When that nurse ripped off those drapes, the drain I had put in the woman’s abdomen pulled out partway and I had to take down the whole dressing in the recovery room and remove it. It wasn’t a big deal, but maybe it could have been.  There might have been some sort of consequence for the woman, the newly minted mother at the end of the drain.   Infection, a missed haemorrhage. Certainly it was unkind.  And it is a million little unkindnessnesses that stack up together and make us all victims of the bad maternity system: the patient, the nurse and me.  I was too exhausted and too afraid to tell this nurse that her bitchy behaviour had caused a problem for the patient, because, in one part, the confrontation was just going take too much energy for me to muster up.  The next time I’d see that nurse she might make trouble for me.  In another part it was also because this small seemingly insignificant example of crappy care is a lot more common than you’d think.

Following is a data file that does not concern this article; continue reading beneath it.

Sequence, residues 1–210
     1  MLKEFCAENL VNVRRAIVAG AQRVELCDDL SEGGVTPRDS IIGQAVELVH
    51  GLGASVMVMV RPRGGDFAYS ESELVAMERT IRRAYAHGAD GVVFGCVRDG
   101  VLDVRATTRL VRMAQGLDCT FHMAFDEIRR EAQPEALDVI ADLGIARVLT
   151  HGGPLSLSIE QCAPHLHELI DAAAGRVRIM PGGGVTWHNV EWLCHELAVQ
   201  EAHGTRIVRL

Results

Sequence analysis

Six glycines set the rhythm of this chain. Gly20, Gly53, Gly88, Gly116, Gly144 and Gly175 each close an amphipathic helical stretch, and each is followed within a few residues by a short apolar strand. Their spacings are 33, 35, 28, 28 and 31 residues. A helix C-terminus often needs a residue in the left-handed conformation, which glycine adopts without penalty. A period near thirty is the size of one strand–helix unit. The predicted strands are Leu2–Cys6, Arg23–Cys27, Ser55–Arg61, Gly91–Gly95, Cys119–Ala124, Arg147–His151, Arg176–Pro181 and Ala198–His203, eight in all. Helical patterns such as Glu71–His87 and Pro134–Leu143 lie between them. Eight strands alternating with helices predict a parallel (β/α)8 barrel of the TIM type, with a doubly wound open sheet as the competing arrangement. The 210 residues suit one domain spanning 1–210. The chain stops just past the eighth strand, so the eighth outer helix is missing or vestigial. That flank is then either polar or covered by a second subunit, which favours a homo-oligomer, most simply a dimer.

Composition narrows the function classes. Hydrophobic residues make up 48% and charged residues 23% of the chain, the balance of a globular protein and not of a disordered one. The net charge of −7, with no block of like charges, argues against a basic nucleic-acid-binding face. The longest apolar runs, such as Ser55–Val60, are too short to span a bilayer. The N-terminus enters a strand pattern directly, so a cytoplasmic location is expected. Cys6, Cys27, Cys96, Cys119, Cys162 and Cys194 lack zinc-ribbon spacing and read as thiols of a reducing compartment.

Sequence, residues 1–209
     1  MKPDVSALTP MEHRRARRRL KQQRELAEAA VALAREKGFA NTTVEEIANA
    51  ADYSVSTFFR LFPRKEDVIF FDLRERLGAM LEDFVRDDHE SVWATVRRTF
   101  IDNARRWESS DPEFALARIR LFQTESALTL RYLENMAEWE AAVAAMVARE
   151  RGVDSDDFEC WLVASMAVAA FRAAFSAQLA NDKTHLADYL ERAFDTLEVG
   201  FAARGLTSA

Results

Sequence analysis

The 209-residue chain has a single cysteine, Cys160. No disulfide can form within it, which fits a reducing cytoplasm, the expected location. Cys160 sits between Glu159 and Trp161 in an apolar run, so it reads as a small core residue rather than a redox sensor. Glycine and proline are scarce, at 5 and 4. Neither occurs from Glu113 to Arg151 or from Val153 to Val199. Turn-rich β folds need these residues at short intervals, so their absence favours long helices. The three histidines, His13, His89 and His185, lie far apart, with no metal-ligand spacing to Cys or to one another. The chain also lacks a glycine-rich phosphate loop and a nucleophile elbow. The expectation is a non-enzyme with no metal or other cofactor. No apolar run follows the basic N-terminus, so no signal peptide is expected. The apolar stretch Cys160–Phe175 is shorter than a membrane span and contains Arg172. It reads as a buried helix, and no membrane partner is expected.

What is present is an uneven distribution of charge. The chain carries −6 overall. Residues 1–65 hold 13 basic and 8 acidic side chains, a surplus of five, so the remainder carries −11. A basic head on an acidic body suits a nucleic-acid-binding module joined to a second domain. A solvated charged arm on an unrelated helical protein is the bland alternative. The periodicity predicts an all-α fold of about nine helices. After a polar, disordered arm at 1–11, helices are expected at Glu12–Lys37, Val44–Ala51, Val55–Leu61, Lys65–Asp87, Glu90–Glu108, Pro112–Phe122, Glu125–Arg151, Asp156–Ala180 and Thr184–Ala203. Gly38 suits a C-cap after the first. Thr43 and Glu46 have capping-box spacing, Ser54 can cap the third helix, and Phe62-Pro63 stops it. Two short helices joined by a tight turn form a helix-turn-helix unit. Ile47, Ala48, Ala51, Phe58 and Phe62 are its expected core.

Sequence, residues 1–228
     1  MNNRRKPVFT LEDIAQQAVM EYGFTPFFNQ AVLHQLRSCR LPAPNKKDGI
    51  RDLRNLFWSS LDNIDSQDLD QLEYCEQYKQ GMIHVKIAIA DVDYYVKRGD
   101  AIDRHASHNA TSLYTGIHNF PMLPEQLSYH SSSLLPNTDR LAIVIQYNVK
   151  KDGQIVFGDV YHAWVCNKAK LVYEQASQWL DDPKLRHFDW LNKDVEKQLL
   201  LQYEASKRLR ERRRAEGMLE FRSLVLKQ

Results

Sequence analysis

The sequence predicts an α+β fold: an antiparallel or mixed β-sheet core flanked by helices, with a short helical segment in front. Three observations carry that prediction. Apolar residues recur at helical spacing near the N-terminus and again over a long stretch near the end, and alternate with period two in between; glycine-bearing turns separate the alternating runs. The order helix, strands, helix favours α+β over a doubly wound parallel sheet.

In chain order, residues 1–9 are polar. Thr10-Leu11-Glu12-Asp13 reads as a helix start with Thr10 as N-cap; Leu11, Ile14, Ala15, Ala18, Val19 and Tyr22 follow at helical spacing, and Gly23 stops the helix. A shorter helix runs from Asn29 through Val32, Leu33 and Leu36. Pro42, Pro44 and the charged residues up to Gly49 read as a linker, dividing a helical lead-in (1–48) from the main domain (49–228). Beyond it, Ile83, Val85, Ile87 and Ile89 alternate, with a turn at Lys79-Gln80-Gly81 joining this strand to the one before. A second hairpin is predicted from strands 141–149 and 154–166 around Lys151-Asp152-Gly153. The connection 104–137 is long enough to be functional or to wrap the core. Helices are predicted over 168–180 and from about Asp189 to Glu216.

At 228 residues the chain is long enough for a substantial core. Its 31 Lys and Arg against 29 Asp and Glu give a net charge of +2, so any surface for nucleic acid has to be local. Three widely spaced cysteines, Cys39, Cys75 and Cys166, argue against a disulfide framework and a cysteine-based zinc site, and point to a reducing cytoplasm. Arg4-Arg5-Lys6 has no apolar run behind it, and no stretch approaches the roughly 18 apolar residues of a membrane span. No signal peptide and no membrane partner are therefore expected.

Maternity care in too many parts of the world is an assembly line of impersonal care, provided by wounded healers working in a broken system.  We must do something different than we are doing now.

PS. I wrote this after reading this excellent post of Sheena Byrom’s here (where you can also download her awesome presentation about maternity care in the UK).  In it she asks why we aren’t following the evidence and changing the maternity system for the better.  And it got me thinking.